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Once known as the “bloodiest prison in the United States,” Louisiana State Penitentiary, commonly known as “Angola,” has become known as the “Land of New Beginnings.”

With 5,000 murderers, rapists, and other violent criminals, what has been the big change in the communal behavior in the prison? Faith-based programs. Prisoners are now allowed to express their faith in Christ freely throughout the prison.

One of the prisoners, Harold Brand, who was charged with second-degree murder, serving a life sentence since the age of 19 says the following:

“What changes us? The Love of God. The Bible says love covers a multitude of sins. Now that’s why we’re able to change, because of God’s love.”

There are so many examples of God's mercy and love being manifested in the Gospels as preached by Jesus: The parable of the prodigal son, owner of the vineyard, who has mercy on the later workers and pays them the same wage, The Good Samaritan, the One Lost Sheep. He preaches the blessedness of mercy in the Sermon on the Mount. He showed mercy to the woman caught in adultery. He dined with corrupt tax collector, Zacchaeus, and told Peter that we are called not to forgive seven times, but seventy-seven times, limitless.

When we look at the image of the Divine Mercy, we are reminded of God’s infinite love for us, and that blood and water in the image is gushing forth right towards us.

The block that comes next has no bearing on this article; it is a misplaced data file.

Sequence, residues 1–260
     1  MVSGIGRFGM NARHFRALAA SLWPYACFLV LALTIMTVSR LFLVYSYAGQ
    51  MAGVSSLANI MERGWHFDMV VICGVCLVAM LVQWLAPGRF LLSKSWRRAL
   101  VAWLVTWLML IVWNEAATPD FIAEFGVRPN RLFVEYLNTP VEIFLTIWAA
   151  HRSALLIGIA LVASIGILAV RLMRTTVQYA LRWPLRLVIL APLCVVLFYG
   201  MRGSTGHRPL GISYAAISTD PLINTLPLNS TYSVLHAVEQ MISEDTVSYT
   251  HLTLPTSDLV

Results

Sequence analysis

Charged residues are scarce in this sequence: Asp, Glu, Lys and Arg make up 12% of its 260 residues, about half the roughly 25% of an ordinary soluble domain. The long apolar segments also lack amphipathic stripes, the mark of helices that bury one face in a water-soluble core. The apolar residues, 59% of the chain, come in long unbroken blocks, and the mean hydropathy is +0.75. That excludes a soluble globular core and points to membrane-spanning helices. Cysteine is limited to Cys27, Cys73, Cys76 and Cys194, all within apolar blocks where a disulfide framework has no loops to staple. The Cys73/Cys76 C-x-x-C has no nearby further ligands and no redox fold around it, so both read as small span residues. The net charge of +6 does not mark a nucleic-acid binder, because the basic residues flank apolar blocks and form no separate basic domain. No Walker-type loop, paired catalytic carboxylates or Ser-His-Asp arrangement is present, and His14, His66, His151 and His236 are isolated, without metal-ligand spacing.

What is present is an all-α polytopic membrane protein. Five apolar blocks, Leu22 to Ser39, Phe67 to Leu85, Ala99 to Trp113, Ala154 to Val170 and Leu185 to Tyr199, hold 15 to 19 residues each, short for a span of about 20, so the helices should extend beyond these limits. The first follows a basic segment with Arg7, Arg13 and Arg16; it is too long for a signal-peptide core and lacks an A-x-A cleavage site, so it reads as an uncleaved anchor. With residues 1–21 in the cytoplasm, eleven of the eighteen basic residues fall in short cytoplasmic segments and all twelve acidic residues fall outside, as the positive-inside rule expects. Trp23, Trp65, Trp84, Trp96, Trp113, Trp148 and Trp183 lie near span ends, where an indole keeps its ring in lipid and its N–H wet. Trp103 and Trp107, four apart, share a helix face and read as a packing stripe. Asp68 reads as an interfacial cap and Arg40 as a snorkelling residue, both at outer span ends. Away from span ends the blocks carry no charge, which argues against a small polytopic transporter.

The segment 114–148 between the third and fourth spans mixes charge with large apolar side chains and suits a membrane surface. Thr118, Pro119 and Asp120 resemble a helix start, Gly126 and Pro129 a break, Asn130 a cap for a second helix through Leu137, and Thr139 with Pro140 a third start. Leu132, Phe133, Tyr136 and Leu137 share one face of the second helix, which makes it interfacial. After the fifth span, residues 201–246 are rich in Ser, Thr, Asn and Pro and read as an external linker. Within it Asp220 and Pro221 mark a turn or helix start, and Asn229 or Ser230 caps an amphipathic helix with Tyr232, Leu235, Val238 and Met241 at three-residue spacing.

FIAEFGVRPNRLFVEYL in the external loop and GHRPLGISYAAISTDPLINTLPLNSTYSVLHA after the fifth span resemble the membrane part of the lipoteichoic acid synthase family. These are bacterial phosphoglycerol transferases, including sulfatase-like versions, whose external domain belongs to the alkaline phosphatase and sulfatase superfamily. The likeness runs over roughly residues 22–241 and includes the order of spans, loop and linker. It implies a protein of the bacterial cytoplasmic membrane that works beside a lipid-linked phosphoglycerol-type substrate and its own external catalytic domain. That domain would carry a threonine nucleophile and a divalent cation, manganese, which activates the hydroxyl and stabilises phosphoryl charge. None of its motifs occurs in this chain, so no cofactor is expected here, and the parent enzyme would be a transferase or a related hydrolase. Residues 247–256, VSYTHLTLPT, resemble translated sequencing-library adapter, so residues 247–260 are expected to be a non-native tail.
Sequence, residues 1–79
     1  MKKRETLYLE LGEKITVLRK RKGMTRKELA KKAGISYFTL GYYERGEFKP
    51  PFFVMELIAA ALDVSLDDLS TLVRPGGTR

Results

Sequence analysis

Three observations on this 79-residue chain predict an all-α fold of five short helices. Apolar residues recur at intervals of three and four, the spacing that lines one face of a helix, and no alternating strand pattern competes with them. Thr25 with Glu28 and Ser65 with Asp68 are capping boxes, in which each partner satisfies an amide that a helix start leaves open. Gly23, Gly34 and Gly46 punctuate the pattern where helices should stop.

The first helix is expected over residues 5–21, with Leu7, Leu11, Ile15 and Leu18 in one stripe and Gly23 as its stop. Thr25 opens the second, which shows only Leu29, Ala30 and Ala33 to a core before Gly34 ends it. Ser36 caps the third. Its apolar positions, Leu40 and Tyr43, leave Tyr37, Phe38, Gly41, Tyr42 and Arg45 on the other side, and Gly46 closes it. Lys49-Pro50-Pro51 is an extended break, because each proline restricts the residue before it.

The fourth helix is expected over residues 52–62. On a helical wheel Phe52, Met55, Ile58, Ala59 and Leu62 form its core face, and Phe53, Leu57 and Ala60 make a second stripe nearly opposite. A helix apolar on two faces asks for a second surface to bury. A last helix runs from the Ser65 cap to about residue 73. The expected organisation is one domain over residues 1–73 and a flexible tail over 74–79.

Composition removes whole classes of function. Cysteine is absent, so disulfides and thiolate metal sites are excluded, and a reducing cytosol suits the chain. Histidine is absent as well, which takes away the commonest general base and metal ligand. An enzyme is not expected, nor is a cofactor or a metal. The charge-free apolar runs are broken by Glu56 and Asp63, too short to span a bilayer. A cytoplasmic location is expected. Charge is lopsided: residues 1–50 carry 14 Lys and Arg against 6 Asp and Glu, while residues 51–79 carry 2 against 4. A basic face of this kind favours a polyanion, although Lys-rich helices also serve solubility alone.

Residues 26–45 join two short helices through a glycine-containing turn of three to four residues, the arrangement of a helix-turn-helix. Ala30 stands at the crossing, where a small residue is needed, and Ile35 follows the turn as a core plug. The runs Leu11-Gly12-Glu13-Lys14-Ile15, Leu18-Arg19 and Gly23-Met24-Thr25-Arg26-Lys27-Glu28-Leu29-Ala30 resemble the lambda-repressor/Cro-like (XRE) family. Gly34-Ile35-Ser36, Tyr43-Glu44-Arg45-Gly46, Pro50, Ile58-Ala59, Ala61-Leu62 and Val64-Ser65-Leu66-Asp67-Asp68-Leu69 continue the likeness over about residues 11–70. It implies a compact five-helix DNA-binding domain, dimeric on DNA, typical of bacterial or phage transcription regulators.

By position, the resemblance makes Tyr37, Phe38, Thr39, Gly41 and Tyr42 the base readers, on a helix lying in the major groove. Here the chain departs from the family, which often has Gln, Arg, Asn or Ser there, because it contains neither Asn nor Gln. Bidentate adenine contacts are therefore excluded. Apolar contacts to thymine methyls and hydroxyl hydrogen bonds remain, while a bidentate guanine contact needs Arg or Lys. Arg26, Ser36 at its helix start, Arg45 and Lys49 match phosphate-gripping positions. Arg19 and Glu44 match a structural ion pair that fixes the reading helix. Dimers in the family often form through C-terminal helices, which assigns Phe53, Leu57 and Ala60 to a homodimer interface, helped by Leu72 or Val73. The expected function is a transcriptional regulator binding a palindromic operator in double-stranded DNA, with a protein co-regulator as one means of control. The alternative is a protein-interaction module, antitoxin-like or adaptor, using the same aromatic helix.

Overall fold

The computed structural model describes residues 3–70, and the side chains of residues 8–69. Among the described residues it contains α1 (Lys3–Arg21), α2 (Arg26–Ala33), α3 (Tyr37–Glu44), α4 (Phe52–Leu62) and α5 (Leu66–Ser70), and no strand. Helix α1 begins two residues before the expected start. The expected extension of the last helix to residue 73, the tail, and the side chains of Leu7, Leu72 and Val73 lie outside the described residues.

The “Love of God” that the prisoner, Harold Brand, spoke is always there and always at our disposal.

We need to remember that the floodgates of Divine Mercy are always gushing forth, but we have to be receptive to it. within us through our acknowledgement and confession of our own sinfulness, and our faith that Jesus Christ can truly save us from that sin. Because grace cannot flow within us when we choose sin instead.

In the Gospel reading of the repentant thief, we have the most perfect example of God's mercy. We see Jesus assuring the man that today, he will enter with Jesus into the heavenly gates.

But how is this possible? It is possible because the man had true contrition for his sin, and faith in Jesus and His power to save Him. He was receptive to Jesus as his Savior. He was receptive to Divine Mercy. Notice that Jesus does not say to the other man who did not repent that he will be with Him in paradise.

And so we with the chaplet and novena of the Divine Mercy, we pray for all sinners, like that man on the cross who didn't repent - especially those who are obstinate, and stubborn in holding on to their vices and addictions, in which they have been deceived as a source of happiness, that they will recognize their own sinfulness and the need for God’s Mercy.